Likely to tan the high-concept hides of every Hollywood action flick this year, this majestically violent film from ultra-prolific Japanese maestro Takashi Miike is probably the closest modern cinema has come to Akira Kurosawa’s mud-and-blood-caked Samurai showdowns.
The first hour is a pure, slowburn tease. One plot strain demonstrates the outlandish barbarism of a feudal lord, while another has a select unit of fighters hatching a grand plan to take him down. The film is built as a long crescendo, opening at a level of considered, Zen-like reflection and ending with a prolonged cacophony of elaborate, town-wide annihilation.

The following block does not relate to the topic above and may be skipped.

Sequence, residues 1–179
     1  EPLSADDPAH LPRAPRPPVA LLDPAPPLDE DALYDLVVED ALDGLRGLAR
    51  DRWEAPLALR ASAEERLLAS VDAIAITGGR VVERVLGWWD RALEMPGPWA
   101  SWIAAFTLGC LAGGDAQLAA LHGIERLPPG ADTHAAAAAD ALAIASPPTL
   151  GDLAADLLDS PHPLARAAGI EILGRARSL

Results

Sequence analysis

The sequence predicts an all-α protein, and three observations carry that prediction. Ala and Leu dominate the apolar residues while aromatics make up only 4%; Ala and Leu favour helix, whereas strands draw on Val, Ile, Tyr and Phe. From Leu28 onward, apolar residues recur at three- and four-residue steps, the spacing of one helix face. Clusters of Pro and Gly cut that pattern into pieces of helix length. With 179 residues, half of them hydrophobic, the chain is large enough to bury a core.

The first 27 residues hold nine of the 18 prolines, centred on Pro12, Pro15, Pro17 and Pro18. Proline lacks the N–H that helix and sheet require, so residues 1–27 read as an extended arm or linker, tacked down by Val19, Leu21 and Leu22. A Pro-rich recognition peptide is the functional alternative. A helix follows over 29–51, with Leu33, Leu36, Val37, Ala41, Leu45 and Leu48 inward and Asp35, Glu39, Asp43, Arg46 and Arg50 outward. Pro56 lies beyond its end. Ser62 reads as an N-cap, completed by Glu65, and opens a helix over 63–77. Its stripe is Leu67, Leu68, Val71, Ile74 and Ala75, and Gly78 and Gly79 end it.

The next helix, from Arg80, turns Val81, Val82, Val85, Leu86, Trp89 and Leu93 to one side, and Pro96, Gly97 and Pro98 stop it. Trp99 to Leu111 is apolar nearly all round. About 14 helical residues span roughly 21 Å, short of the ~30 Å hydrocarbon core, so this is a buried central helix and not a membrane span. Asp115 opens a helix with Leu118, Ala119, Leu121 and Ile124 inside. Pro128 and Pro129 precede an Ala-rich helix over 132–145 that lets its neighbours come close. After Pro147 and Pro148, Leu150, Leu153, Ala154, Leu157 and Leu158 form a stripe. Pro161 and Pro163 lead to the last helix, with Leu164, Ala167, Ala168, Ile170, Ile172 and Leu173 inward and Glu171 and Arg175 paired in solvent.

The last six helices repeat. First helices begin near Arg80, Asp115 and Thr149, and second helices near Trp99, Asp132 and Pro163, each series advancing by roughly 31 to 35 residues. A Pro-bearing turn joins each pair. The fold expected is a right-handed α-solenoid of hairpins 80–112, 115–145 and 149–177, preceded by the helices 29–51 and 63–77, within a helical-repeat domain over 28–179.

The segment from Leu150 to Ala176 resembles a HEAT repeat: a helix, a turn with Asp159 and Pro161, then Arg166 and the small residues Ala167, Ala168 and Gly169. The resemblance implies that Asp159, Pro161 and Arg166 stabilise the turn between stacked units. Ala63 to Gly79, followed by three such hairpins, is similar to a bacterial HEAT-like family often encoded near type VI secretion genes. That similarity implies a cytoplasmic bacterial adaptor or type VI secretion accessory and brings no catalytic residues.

There are occasional dashes of CGI for elements that couldn’t be staged for the camera (cue rampaging herds of burning bulls), but Miike’s film is all the more triumphant for offering elaborate, tangible sets, elegant period attire, hardboiled dialogue and rolling oceans of glorious, rosy red blood. Pure joy.